Diablo talks to Jane Smiley, Carmel Valley resident and Pulitzer Prize-winning author of A Thousand Acres
After the success of A Thousand Acres, the tale of a disintegrating Iowa family, Jane Smiley headed to California, where she bought a ranch in 1996. She’s never looked back. A tall, lanky blond with wire-rim glasses, Smiley looks every bit the horsewoman she is. She stands straight and sits languidly. And she is very much at home in Carmel Valley, where she breeds thoroughbreds. She also manages to travel quite a bit (she had just returned from a literary festival in Paris and was planning her next trip to Mexico when we met). And somehow she even finds time to write. Last year’s A Year at the Races was widely acclaimed, and her forthcoming book, Thirteen Ways of Looking at the Novel, a nonfiction treatise on the history of the novel, will be released next fall.
DIABLO: A Thousand Acres was very much tied up with its sense of place—the Midwest, the heartland of America symbolizing a sort of virtuous core. Instead, it turns out to be not what it seems. Do you find that a sense of place often inspires your work?
JANE SMILEY: When I moved here I was writing The All-True Travels and Adventures of Lidie Newton. I was traveling a lot at the time. We were looking for a place in California. Something north of L.A. and south of the redwoods. I’ve written a lot about horses since I’ve lived in Carmel. But I’ve never set a book in a particular place because I was living there. I am more interested in the issues of a place.
D: What are the issues facing Carmel Valley today?
JS: It’s a vibrant ranching community with a strong agricultural ethic. There are still lots of old Italian–Swiss ranchers who live in the hills. And then there’s the progressive artists’ colony element. Carmel Valley is more about sport than art, though. I came here because it was a great place to raise horses. There are lots of people who do events here: dressage, jumping, cross-country. [Smiley owns horses that live in the valley and others that live at the racetrack at Santa Anita. It’s interesting to see how we all co-exist.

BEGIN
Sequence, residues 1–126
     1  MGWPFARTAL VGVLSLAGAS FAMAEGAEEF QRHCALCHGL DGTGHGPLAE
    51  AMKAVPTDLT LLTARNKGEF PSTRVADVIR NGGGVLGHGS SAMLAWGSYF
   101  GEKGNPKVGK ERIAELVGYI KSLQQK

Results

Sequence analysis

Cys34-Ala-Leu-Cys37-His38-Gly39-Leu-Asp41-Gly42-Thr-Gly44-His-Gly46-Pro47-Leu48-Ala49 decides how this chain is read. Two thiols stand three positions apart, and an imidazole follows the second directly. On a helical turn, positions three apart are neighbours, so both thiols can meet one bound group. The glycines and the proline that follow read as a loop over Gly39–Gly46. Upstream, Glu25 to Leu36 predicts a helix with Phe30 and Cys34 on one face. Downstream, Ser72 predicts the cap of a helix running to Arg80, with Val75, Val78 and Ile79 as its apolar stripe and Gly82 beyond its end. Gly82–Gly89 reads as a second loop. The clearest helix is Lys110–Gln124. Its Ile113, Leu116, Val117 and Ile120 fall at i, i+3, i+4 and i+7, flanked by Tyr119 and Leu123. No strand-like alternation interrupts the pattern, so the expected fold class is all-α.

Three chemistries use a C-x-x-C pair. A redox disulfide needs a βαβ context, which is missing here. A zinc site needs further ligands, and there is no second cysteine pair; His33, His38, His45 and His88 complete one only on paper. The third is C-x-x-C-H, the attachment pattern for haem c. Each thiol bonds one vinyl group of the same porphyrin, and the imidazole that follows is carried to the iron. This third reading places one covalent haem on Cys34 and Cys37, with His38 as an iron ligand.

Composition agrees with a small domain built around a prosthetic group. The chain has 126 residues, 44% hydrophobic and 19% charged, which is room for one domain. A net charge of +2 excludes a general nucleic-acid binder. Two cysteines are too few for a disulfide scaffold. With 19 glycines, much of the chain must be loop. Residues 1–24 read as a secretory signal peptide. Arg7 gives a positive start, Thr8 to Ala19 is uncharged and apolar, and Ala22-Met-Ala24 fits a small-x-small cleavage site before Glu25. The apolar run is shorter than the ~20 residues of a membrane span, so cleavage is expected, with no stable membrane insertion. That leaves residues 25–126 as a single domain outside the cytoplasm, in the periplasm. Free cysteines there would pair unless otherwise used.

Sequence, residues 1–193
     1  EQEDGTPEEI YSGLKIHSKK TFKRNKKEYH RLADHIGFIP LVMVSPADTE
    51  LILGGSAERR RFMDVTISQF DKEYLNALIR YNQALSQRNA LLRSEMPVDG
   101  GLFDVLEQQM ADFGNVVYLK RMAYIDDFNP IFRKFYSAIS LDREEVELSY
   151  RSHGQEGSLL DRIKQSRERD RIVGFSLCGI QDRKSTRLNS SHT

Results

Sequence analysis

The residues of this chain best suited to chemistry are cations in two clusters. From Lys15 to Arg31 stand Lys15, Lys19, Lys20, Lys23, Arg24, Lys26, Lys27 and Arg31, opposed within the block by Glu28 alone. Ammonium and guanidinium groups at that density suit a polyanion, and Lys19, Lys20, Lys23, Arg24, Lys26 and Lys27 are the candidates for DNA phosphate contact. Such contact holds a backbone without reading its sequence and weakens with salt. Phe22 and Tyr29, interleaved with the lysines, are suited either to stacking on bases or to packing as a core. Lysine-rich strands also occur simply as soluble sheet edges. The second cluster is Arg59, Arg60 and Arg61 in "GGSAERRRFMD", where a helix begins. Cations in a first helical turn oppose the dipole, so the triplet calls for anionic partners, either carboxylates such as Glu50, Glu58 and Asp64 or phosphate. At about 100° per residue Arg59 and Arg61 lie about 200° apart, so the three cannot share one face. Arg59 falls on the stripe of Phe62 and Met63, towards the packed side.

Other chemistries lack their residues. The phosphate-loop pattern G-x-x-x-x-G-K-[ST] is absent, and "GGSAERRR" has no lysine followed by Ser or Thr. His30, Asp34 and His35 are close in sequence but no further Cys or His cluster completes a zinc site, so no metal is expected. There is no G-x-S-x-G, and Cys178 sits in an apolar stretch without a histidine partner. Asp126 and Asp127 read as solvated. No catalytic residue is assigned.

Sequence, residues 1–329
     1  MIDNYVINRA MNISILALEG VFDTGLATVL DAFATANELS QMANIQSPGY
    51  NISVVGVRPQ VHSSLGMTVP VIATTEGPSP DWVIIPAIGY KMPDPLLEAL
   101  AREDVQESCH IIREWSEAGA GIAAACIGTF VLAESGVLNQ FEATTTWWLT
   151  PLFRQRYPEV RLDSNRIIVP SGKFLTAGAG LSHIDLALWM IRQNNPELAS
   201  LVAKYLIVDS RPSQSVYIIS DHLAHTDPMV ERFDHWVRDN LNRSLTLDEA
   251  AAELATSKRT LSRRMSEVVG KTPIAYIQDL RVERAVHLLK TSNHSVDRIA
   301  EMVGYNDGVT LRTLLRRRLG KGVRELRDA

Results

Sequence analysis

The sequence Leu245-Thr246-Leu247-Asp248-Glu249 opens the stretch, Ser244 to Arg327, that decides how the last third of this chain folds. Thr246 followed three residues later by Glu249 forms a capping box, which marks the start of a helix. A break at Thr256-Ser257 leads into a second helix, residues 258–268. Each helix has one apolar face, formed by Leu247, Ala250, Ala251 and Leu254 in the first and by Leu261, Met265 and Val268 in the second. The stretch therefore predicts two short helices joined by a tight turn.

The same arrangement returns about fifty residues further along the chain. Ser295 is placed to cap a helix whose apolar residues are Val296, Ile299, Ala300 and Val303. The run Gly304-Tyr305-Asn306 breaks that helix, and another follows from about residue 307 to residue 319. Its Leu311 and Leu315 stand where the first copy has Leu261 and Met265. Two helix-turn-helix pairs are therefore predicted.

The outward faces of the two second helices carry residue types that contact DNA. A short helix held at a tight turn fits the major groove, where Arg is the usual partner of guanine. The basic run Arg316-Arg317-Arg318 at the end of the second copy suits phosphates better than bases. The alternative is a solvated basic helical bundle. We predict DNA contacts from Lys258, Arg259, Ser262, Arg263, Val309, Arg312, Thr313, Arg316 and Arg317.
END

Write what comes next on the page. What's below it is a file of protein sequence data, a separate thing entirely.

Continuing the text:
D: What’s your favorite part about living here?
JS: Well, the weather is certainly fantastic. I like to say there are four seasons in every day. It’s just a beautiful place to live. And hard to leave.
D: Carmel Valley seems to be increasingly more sophisticated, with new shops and restaurants and a more international flavor. Is Carmel still the same place it was when you moved here almost 10 years ago?
JS: Yes, basically. It hasn’t changed very much. There are limits to growth here—the availability of water for one. And that’s probably a good thing.
D: What are your favorite places to go in the Carmel Valley?
JS: I shop at the Pot Farm. I love that place. And I like Café Rustica and the Village Fish House. It’s all fun. It’s a great place to live.